This mung bean stew is warming, hearty, healthy, full of nutritious ingredients and delicious! Perfect for the cooler months and a great way to utilise more beans and veggies in your diet.
I only started using mung beans in my cooking a couple of months ago. I was at my local bulk food shop to stock up on beans, lentils, grains, and nuts and thought I’d give these a try.
I’ve been buying staples in bulk much more these days and avoiding the big supermarkets as much as possible to save the amount of plastic I bring into my house.
Even our toilet paper is wrapped in plastic—now we’ve switched to Who Gives a Crap! I’ve become so much more conscious of this. So I decided to buy things in my jars directly without having to discard any plastic packaging.
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Have you got any tips on how to reduce plastics in your house? I would love to hear some more suggestions!
Simple, flexible, tasty, and hearty—this mung bean stew can easily become a staple in your home
This mung bean stew is healthy and has lots of wonderful flavours and textures. I love the addition of kale, but you can use spinach instead or leave it out altogether if you don’t have it at home, it’s optional.
The fresh tomatoes can be swapped for half a can of diced tomatoes. I don’t like recipes that restrict you to certain ingredients without alternatives.
If there’s something at home that you don’t have from the ingredients list, think about either substituting it or leaving it out.
I guess this comes with experience in the kitchen and feeling confident to swap things around and/or leave them out but still achieve a delicious meal.
Do you have to soak mung beans before cooking?
Mung beans are best once soaked for a few hours or overnight. I usually soak all beans and legumes to speed up the cooking time. Soaking also helps to break down the beans when digesting.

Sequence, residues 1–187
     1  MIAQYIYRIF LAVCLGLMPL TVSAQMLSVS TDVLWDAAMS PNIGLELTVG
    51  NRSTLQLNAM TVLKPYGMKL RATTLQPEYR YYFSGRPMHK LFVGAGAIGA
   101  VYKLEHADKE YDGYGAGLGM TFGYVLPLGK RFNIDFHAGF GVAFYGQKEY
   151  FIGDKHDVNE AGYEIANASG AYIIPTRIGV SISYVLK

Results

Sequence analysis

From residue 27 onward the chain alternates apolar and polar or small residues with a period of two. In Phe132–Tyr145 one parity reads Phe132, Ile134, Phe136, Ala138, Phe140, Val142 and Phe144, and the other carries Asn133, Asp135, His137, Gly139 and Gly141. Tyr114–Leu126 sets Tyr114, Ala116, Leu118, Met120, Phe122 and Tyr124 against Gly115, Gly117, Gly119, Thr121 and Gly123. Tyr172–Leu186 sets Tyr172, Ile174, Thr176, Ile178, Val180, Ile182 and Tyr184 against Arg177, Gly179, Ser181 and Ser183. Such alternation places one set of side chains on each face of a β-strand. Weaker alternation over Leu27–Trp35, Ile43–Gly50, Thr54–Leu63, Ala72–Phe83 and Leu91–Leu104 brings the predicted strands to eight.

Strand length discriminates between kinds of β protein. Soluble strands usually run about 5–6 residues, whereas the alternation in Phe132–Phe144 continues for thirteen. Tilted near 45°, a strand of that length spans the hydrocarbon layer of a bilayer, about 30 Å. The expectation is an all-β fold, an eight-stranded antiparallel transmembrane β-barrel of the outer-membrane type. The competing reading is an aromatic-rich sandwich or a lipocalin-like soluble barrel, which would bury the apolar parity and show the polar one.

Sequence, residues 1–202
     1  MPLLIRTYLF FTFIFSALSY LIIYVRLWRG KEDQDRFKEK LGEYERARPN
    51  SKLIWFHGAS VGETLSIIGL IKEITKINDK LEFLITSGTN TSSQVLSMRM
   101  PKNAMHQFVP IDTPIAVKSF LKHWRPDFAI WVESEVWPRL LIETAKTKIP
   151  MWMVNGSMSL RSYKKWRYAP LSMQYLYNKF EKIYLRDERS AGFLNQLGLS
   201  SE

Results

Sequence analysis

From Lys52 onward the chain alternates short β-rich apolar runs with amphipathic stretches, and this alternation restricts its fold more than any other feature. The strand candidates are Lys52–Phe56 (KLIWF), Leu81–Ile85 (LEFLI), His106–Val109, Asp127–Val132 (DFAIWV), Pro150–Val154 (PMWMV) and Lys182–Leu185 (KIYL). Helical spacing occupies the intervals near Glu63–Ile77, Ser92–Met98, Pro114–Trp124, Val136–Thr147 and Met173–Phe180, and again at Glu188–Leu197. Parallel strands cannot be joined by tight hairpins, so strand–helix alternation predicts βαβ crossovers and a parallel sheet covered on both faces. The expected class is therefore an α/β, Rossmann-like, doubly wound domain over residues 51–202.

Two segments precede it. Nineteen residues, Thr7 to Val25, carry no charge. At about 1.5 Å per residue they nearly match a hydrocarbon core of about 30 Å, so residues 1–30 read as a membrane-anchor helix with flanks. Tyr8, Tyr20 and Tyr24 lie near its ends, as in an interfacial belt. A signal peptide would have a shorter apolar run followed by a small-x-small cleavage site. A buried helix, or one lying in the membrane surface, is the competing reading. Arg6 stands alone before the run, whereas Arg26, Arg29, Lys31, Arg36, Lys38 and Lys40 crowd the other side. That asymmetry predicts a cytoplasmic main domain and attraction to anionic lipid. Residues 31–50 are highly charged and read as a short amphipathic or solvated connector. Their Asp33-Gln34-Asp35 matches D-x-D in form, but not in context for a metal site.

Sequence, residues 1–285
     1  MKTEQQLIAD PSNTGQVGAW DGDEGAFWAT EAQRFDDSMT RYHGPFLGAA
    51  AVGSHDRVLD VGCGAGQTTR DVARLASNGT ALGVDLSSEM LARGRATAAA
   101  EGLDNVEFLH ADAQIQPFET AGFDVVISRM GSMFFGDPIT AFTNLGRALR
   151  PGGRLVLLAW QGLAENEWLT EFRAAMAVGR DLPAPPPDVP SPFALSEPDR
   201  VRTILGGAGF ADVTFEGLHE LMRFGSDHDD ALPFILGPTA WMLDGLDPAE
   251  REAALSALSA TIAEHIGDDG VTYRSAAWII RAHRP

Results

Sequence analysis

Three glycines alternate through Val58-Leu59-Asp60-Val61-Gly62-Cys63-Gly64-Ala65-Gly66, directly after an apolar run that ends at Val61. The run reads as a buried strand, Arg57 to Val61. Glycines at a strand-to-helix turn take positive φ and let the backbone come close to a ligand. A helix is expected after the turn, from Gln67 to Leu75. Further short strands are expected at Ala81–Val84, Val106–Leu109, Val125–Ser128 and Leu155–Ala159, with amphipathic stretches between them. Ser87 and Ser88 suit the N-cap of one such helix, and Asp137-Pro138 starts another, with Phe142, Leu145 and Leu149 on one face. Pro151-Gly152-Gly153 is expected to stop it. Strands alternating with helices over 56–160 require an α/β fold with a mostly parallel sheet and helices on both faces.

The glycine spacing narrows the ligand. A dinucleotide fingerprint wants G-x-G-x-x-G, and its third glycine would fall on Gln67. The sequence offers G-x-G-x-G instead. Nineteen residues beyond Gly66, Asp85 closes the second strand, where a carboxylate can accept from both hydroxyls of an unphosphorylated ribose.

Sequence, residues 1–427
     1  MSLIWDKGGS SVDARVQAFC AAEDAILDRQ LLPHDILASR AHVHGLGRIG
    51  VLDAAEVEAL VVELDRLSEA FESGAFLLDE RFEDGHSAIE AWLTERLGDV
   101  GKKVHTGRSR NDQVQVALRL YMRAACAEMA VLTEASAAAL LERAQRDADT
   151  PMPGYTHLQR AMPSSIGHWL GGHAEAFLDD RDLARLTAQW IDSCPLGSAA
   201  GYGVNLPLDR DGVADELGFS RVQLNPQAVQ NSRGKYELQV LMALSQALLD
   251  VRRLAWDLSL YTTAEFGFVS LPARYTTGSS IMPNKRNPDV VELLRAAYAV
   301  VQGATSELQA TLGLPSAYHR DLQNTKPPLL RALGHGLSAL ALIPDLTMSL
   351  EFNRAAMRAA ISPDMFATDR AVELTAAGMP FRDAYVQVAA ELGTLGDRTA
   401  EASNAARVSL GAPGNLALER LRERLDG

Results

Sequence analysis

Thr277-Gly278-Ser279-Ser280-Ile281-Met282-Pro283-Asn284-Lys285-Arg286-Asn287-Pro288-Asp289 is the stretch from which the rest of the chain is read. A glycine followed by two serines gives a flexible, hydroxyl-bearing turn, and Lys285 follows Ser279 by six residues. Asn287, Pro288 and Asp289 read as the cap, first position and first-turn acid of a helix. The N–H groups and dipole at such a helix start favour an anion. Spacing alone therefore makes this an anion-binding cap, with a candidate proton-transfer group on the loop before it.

If I eat beans or anything of that nature that wasn’t soaked first and cooked straight away, I feel really bloated because they haven’t been prepared properly.
I hope you learn from my mistakes and make sure you always soak them before cooking. Even if it’s for a few hours, trust me, you’ll not regret that extra time.
What are mung beans used for?
As the name suggests, mung beans are part of the bean and legume family. So naturally, you can use them in place of their relatives in curries, stews, soups, and salads.
Mung beans are a little bit sweeter in taste and from a quick google search, I found that they’re quite often mashed up and used as a paste in Asian desserts. Very cool!
Like other legumes, mung beans can be purchased split, whole, or sprouted.
Are mung beans good for you?
Mung beans are naturally derived from plants and have a host of nutritional benefits, including manganese, essential B vitamins, potassium, magnesium, folate, and zinc. They also pack quite a lot of protein and dietary fibre.
If you want to know more about the health benefits of mung beans, check out this post by Simple Roots Wellness.
I have this mung bean stew with some beautiful fresh wholemeal bread, and it’s simply to die for. I’m delighted with this recipe, and I hope you enjoy it just as much!
Other great hearty recipes for you:
- Vegan Black-Eyed Bean Stew
- Easy Vegan Brown Lentil Stew
- One-Pot French Lentil, Mushroom and Sage Stew
- Red Lentil Soup (Vegan)
- Rustic Eggplant Patties in Tomato Sauce
- Tikil Gomen (Ethiopian Cabbage & Potatoes)